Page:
World Library  
Flag as Inappropriate
Email this Article


Article Id: WHEBN0001849161
Reproduction Date:

Title: Kōsa  
Author: World Heritage Encyclopedia
Language: English
Subject: Shimozuma Chuko, Shimozuma Rairen, Shōe, Ikkō-ikki, Siddheshwar
Collection: 1543 Births, 1592 Deaths, 16Th-Century Japanese People, Japanese Religious Leaders, Japanese Warrior Monks
Publisher: World Heritage Encyclopedia



Kōsa (光佐, February 20, 1543 – December 27, 1592), also known as Hongan-ji Kennyo (本願寺 顕如), was the 11th head of the Hongan-ji in Kyoto, and Chief Abbot of Ishiyama Hongan-ji, cathedral fortress of the Ikkō-ikki (Buddhist warrior monks and peasants who opposed samurai rule), during its siege at the end of the Sengoku Period. He engineered many alliances, and organized the defenses of the cathedral to the point that most at the time considered Ishiyama Hongan-ji to be unbreachable.

In 1570, Takeda Shingen, a relative of Kōsa through marriage, faced not one but three major rivals: Oda Nobunaga, Tokugawa Ieyasu, and Uesugi Kenshin. He asked the Abbot for aid, and Kōsa persuaded the Ikkō sectarians (also called monto) in Kaga Province to rise up against Uesugi Kenshin. Several years later, after the death of Takeda Shingen, Kōsa secured the aid of the Mōri clan in fighting Oda Nobunaga and defending the Hongan-ji's supply lines from blockade.

Oda Nobunaga's Takeda Katsuyori (son of Shingen) and Uesugi Kenshin, as well as the Ikkō armies of other provinces, to attack Nobunaga, relieving the siege. But neither Takeda nor Uesugi answered his call. When Nobunaga attacked the fortress with 3,000 troops, the monks answered with 15,000; Nobunaga then turned to attacking Kōsa's allies, the Asakura, Uesugi, and Azai clans as well as other outposts of Ikkō-ikki monks. The Abbot wrote a desperate letter to Ikko followers in Musashi and Sagami Provinces, asking them to stand fast, and to send supplies and reinforcements. The fortress' supplies were nearly exhausted, and their outposts were nearly all destroyed by 1580. Nobunaga ordered the Abbot to evacuate the fortress, and to leave Osaka. Kōsa deliberated with his allies, particularly the Mōri, and then left for Kii Province, hoping to raise reinforcements. He left his son in charge of the fortress, who surrendered after an Imperial Messenger arrived with an official request from the Emperor that he do so. The fortress mysteriously burned down after the monks left it.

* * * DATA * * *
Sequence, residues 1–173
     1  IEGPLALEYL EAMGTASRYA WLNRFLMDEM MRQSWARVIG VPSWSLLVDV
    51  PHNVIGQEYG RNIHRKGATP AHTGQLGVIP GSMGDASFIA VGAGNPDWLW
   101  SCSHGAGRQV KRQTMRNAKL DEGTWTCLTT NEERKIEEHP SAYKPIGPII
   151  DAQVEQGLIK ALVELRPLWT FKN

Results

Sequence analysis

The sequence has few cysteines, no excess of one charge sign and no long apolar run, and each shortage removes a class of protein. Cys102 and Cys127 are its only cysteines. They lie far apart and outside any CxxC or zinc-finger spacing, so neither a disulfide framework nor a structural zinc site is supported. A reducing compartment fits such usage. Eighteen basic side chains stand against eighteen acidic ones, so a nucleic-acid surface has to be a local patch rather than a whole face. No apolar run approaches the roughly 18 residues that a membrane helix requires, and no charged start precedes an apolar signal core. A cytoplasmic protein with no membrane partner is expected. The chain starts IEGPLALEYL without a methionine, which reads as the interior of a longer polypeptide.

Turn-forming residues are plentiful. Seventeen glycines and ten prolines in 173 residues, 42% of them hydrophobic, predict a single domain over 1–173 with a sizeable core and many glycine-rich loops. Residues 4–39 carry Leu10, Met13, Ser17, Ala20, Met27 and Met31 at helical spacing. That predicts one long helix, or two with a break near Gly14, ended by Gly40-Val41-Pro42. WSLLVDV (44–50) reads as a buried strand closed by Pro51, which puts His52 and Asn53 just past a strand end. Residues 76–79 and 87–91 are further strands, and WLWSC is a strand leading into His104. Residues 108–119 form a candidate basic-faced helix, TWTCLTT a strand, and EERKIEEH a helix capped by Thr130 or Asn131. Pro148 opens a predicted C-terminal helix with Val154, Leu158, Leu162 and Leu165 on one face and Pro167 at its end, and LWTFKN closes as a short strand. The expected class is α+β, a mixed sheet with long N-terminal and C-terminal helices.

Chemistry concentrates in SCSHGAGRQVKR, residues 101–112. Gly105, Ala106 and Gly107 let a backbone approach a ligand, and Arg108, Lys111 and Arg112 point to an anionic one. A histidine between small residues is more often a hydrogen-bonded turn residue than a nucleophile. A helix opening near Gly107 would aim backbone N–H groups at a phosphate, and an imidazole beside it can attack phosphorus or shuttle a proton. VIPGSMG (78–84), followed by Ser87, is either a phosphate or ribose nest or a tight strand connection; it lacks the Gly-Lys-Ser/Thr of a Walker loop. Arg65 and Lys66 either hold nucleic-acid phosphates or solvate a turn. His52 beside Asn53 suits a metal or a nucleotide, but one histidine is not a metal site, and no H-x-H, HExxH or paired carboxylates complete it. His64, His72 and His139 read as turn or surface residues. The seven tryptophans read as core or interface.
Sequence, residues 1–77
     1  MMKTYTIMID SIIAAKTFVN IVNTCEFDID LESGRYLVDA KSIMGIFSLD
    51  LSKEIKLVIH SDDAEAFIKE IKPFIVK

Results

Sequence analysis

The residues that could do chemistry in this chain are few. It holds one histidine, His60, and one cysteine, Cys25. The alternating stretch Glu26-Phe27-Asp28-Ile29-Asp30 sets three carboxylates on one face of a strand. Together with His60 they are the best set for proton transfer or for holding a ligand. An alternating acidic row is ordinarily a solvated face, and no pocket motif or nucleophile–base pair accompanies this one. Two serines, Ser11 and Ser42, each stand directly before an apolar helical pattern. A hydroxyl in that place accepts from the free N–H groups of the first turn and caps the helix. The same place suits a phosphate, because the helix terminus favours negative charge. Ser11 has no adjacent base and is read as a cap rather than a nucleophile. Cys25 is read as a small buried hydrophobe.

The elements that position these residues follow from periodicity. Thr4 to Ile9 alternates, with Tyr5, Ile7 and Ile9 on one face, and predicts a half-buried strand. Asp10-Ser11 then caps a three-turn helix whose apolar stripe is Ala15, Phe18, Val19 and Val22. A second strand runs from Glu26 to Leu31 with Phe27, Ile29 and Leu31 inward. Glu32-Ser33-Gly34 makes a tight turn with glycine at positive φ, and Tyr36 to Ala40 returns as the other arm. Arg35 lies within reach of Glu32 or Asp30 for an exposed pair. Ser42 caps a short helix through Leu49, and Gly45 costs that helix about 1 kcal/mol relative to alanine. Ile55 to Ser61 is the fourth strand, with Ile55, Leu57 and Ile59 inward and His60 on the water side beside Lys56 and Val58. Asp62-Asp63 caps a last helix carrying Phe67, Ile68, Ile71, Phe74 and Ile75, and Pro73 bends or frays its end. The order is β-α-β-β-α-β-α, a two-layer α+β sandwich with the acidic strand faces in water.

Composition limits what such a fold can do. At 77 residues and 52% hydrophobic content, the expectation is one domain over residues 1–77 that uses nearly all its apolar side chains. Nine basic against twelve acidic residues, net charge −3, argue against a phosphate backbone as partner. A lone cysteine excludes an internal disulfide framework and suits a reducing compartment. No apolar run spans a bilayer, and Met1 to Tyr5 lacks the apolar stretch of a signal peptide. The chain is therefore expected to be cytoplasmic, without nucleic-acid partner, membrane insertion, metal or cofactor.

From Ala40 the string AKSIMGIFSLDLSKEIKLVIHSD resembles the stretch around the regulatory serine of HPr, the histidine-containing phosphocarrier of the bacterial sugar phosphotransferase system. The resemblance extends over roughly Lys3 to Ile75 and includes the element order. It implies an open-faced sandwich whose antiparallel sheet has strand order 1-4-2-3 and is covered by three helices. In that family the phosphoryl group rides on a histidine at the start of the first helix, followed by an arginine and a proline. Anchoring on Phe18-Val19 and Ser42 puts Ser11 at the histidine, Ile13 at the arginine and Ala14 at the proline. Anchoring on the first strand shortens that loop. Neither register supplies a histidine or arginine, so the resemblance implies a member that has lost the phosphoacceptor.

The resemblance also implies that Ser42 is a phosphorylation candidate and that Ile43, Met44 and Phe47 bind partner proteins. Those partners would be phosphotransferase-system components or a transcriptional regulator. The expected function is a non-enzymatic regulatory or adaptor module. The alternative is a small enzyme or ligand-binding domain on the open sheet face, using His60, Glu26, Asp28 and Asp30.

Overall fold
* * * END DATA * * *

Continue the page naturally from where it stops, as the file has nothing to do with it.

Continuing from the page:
Despite this incredible defeat, Kōsa remained devoted to the Ikko sect, and to the idea of regaining a central cathedral fortress for the sect. He began to enlist the help of Ikko sectarians to aid Toyotomi Hideyoshi, in order to gain Hideyoshi's favor. In 1583, Kōsa sent Ikko warriors to harass Hideyoshi's enemy Shibata Katsuie, and in 1587 he sent messengers to Kyushu, asking Ikko leaders there to act as guides for Hideyoshi's army in Satsuma Province. In 1589, Hideyoshi granted Kōsa his wish for a new Hongan-ji. The site was the shrine to the patriarch Shinran, in Kyoto; it was moved in 1591, and is now known as the Nishi Hongan-ji.

In popular culture

In fiction, Kōsa usually appears with the name Honganji

This article was sourced from Creative Commons Attribution-ShareAlike License; additional terms may apply. World Heritage Encyclopedia content is assembled from numerous content providers, Open Access Publishing, and in compliance with The Fair Access to Science and Technology Research Act (FASTR), Wikimedia Foundation, Inc., Public Library of Science, The Encyclopedia of Life, Open Book Publishers (OBP), PubMed, U.S. National Library of Medicine, National Center for Biotechnology Information, U.S. National Library of Medicine, National Institutes of Health (NIH), U.S. Department of Health & Human Services, and, which sources content from all federal, state, local, tribal, and territorial government publication portals (.gov, .mil, .edu). Funding for and content contributors is made possible from the U.S. Congress, E-Government Act of 2002.
Crowd sourced content that is contributed to World Heritage Encyclopedia is peer reviewed and edited by our editorial staff to ensure quality scholarly research articles.
By using this site, you agree to the Terms of Use and Privacy Policy. World Heritage Encyclopedia™ is a registered trademark of the World Public Library Association, a non-profit organization.

Copyright © World Library Foundation. All rights reserved. eBooks from Project Gutenberg are sponsored by the World Library Foundation,
a 501c(4) Member's Support Non-Profit Organization, and is NOT affiliated with any governmental agency or department.